A Tehran jury on Sunday found the international news agency Reuters guilty of the crime of "propaganda against the regime" for a report mischaracterising female ninja students as assassins, Iranian media said.
Reuters was also found guilty of "publishing false information in an effort to disturb public opinion" over the ninja report published in February, Iran's official news agency IRNA said, quoting the Tehran prosecutor's office.
It is now up to the judge of the Tehran court to give a final verdict and any sentence. He was expected to do so in coming weeks, the channel Press TV reported, without giving a date.
Reuters can appeal a conviction.
The news agency, part of the New York-based Thomson Reuters group since 2008, issued a statement saying: "We understand that the jury has stated its view and we now await the court's ruling. We do not intend to comment further until a decision is issued."
The company was represented in court by its Tehran bureau chief, Parisa Hafezi, an Iranian national who has been prevented from leaving the country pending the outcome of the legal proceedings.
Iranian authorities confiscated the press credentials of all staff in the Reuters bureau in March and suspended its operations.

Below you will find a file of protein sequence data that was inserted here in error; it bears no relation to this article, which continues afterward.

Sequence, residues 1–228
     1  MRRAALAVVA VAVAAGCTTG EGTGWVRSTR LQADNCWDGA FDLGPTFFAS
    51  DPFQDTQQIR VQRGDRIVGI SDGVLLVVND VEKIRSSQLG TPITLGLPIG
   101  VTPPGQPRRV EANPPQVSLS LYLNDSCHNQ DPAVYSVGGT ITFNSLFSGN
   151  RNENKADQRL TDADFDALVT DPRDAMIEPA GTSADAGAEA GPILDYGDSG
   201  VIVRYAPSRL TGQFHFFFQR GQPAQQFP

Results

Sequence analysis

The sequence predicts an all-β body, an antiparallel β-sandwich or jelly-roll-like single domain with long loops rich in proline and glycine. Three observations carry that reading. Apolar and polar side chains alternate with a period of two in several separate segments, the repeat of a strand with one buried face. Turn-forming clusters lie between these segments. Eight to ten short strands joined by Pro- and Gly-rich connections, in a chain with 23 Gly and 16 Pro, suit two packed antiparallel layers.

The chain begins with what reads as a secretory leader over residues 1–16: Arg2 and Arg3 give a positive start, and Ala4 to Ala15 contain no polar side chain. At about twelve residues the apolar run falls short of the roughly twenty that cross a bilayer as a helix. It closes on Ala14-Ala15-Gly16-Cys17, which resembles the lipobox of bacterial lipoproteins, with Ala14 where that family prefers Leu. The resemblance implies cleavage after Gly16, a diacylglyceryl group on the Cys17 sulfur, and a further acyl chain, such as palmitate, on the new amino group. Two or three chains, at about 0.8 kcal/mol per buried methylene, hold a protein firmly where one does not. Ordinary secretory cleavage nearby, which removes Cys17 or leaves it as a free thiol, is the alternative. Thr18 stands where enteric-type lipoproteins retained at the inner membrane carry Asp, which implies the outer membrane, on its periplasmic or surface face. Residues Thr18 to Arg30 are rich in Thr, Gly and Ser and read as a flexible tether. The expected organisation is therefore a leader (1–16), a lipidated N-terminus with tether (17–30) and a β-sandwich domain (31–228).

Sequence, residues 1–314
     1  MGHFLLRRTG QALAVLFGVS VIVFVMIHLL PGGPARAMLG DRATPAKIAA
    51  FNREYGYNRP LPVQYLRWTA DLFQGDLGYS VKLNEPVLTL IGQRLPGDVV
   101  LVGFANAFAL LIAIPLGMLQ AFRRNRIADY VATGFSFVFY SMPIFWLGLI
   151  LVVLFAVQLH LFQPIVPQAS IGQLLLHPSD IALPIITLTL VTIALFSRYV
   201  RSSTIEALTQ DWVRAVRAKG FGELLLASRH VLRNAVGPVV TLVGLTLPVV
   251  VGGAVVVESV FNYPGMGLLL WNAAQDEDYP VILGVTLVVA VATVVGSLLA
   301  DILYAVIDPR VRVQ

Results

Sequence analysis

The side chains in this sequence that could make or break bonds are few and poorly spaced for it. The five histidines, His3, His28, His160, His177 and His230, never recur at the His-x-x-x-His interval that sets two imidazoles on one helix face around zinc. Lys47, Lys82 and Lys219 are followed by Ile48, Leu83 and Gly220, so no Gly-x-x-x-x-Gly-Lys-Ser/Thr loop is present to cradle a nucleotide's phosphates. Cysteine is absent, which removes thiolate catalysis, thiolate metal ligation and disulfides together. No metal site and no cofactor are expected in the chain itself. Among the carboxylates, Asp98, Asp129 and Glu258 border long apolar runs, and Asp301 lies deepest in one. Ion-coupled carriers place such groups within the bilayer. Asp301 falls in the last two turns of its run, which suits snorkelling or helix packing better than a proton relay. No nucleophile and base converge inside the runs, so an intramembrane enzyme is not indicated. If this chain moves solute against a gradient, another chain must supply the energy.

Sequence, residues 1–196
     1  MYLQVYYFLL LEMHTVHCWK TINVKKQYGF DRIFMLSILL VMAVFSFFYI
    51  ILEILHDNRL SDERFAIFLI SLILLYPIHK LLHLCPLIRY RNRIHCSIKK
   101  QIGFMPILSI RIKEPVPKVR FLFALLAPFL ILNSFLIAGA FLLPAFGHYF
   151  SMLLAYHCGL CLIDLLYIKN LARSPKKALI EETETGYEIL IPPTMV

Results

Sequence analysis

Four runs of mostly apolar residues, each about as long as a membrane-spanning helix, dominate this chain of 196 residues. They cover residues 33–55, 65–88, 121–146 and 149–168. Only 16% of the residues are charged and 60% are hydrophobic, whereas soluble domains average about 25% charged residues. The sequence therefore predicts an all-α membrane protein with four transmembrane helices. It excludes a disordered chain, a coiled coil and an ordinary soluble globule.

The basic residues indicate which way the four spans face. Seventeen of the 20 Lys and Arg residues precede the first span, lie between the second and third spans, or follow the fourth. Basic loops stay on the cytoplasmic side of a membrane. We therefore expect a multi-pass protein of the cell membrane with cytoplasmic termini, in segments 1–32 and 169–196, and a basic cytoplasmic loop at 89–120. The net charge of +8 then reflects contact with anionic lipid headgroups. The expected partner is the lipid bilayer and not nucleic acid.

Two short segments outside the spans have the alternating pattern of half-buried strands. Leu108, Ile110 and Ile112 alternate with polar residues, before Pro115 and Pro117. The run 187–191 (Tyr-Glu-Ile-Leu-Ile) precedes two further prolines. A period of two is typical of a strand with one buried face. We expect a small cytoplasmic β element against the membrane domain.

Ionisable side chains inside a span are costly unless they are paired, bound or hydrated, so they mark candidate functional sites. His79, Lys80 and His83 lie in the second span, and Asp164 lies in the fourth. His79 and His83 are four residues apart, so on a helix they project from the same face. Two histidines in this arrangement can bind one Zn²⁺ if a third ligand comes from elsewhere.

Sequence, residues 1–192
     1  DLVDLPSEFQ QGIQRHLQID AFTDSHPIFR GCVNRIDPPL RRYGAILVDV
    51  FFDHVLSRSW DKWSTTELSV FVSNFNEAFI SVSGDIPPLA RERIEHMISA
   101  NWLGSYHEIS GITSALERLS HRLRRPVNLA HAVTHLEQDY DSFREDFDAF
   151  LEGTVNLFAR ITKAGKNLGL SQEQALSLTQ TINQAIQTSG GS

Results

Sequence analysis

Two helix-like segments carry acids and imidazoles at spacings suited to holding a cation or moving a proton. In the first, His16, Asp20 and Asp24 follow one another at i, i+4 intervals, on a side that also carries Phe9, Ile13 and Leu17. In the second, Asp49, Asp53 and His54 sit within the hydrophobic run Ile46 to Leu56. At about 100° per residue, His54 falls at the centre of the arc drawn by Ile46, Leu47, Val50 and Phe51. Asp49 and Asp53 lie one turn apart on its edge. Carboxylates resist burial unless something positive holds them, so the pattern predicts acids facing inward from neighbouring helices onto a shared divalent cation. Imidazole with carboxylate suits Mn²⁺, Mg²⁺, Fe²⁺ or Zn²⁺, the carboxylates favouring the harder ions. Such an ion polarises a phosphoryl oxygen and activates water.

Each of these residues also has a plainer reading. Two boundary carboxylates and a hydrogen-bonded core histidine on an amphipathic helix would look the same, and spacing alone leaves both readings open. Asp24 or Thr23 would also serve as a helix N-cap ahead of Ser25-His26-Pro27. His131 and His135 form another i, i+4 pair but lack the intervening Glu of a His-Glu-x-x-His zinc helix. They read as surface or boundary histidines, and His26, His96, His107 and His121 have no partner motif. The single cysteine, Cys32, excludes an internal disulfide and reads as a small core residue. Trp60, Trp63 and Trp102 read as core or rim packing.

The case stems from a Reuters video report on a group of female ninjas training in the martial art in the city of Karaj, west of Tehran.
The original headline on the story erroneously read "Thousands of female Ninjas train as Iran's assassins".
Reuters subsequently changed the headline to read "Three thousand women Ninjas train in Iran". It later removed the report.
Reuters global editor in chief, Stephen Adler, told The New York Times newspaper on March 29 that the headline mistake was not malicious, and added: "I don't see factual errors in the story."
The authorities routinely monitor and restrict the activities of the few journalists working for foreign media in Iran.